Endometriosis is a hormonal condition which affects a number of women. In endometriosis, the tissue which would normally grow in your womb during your cycle (endometrial tissue) has also formed outside the womb. This occurs most commonly around the ovaries, in the pelvis, around the top of the vagina and even around the bowel. During your cycle, this endometrial tissue, outside your womb also grows and thickens and is then shed. However, unlike the tissue in your womb, which leaves your body during your period, the endometrial tissue outside the womb has no way of leaving your body, so this shedding then leads to pain and swelling, which can be quite debilitating in some cases.
The development of this problem, tends to be linked to excess oestrogen, so treatment tends to focus on hormone balancing alongside pain relief.
We have seen a number of women over the years who have been looking for natural remedies to help them better control their symptoms and whilst there are never any guarantees there are a few things that could be worth considering if you are in the same boat.
Herbal remedies have been used for a number of years by women looking for natural ways to balance their hormones. One of the most popular is Agnus Castus. There have been a number of trials carried out using this plant, which have found it to be very useful in relieving the symptoms of PMS. The reason it is thought this plant could also be useful to women struggling with endometriosis is because Agnus Castus is thought to work by restoring the balance between oestrogen and progesterone – therefore potentially reducing the excess oestrogen which is linked to the development of the problem. Due to its potential hormonal action, Agnus Castus should not be taken alongside the pill or other hormonal treatments.
Another plant which may be useful is one which has typically been looked at for supporting the hormonal health of men! That is Saw Palmetto. Saw Palmetto has for years been used by men seeking natural ways to support a healthy prostate, however, new research indicates that this plant could be equally helpful to women struggling with hormonal issues. Saw Palmetto is thought to help reduce the levels of androgens, which in turn could help to reduce the problems linked with high oestrogen – certainly the research seems promising and this could well be worth a try however, again dues to its potential hormonal action, do not use it alongside the pill or other hormonal treatments.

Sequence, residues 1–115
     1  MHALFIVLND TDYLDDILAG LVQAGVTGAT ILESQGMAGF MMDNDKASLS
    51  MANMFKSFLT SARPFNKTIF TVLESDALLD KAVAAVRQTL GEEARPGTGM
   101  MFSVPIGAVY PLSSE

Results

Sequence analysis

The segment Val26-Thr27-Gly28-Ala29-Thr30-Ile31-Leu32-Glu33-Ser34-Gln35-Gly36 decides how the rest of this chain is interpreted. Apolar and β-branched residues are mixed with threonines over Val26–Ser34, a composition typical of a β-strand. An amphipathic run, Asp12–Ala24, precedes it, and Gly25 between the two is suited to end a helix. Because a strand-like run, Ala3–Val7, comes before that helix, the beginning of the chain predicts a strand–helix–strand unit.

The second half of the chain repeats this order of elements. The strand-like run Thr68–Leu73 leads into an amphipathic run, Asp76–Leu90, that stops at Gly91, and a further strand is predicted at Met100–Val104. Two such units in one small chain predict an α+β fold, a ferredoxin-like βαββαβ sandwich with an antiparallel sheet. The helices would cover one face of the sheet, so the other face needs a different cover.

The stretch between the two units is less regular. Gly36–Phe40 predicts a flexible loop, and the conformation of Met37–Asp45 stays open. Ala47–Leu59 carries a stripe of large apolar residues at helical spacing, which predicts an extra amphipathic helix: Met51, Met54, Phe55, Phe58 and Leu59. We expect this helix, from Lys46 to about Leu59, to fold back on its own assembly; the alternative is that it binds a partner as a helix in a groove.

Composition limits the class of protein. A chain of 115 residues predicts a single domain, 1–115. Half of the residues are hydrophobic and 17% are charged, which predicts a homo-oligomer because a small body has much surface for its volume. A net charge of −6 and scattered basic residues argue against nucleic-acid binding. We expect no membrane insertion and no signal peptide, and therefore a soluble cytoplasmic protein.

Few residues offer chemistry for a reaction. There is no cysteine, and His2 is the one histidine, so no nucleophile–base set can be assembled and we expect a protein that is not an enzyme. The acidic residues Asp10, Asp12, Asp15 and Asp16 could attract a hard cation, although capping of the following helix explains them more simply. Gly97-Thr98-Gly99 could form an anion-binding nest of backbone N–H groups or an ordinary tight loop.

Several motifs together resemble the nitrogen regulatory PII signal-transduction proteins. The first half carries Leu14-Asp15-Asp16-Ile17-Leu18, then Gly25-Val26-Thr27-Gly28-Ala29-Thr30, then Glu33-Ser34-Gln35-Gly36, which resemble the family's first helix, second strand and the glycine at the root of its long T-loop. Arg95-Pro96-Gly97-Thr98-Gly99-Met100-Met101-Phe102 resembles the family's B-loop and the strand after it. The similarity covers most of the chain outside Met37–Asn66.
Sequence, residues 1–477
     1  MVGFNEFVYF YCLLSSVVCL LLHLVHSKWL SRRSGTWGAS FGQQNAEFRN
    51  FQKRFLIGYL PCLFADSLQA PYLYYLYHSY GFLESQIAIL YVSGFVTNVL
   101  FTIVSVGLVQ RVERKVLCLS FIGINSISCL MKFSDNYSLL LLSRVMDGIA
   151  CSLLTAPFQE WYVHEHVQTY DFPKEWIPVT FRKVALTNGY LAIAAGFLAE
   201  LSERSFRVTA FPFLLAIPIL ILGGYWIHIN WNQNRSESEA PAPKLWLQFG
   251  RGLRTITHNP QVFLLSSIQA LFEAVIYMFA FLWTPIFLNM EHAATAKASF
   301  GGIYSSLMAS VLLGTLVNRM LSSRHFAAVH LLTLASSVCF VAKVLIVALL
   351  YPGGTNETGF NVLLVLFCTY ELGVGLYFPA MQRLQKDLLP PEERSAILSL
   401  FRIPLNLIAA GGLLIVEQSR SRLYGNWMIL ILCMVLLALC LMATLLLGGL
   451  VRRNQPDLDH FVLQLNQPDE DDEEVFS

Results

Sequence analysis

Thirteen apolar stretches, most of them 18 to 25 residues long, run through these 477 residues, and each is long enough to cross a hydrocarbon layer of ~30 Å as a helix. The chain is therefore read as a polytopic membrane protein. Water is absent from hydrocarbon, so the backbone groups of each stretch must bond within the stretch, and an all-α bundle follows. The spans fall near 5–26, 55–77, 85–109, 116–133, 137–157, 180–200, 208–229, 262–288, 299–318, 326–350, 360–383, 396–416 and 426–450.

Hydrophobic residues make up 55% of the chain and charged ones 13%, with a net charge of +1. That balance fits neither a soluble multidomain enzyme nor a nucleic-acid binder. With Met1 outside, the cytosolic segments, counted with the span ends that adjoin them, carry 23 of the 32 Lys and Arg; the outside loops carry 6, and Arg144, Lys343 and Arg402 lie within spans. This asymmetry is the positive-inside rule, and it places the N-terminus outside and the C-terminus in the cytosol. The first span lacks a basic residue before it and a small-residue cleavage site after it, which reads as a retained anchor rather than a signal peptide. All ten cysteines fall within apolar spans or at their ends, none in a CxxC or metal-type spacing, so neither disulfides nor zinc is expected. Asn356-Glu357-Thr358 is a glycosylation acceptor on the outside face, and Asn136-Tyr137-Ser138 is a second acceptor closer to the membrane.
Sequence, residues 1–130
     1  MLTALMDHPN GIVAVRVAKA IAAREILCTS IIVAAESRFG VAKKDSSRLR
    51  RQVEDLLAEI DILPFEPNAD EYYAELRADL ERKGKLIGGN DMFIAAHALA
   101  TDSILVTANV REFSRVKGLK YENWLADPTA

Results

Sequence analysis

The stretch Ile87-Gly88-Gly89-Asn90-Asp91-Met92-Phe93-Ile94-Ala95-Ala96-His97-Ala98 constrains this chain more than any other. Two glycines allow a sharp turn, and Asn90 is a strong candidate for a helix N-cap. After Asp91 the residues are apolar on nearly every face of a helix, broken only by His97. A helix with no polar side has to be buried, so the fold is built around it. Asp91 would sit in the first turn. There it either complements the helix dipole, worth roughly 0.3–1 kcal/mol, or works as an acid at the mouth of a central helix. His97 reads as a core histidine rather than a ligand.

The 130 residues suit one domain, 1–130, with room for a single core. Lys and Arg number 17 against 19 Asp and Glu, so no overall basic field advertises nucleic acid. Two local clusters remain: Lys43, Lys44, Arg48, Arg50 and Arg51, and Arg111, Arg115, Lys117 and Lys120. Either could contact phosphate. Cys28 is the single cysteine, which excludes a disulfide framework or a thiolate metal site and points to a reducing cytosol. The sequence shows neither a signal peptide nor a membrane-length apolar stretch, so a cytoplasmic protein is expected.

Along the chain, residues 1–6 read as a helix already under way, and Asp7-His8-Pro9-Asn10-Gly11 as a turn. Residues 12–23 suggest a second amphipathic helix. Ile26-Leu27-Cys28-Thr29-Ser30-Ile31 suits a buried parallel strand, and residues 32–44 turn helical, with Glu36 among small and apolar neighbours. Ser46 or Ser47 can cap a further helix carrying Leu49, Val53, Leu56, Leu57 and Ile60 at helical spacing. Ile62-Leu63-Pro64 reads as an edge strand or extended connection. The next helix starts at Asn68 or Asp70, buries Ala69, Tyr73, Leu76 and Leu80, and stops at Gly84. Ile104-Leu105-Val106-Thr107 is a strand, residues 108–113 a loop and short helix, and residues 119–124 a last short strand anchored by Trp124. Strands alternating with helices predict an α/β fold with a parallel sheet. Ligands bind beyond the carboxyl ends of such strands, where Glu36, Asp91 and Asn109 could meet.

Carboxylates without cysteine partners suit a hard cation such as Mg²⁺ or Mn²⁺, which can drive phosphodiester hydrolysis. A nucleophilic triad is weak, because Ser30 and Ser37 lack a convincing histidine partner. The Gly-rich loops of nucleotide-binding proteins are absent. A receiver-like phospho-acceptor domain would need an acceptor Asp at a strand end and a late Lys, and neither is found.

Good Bacteria – most people these days are aware that there should be certain levels of good bacteria inside them. It is now generally accepted that these bacteria could help with bloating and bowel issues. However, these good bacteria could have a wider impact on our health and our hormones than most people expect! This is because good bacteria are actually involved in breaking down hormones like oestrogen, therefore, many practitioners of natural medicine will actually suggest that people suffering with complaints linked to high oestrogen, like endometriosis, should take a good bacteria supplement. There are many reports from women with endometriosis, which suggest that using a good bacteria supplement daily could be a good idea.
Look after your liver – like the good bacteria, your liver is also involved in breaking down oestrogen, therefore nutritional and botanical ingredients which support health liver function are often suggested for those suffering with issues related to high oestrogen. If you want to look into supporting your liver, to see if you feel any better, eat plenty of garlic, olive oil, lemon juice, flax seeds, walnuts and beetroot and look at plants like dandelion, artichoke and milk thistle.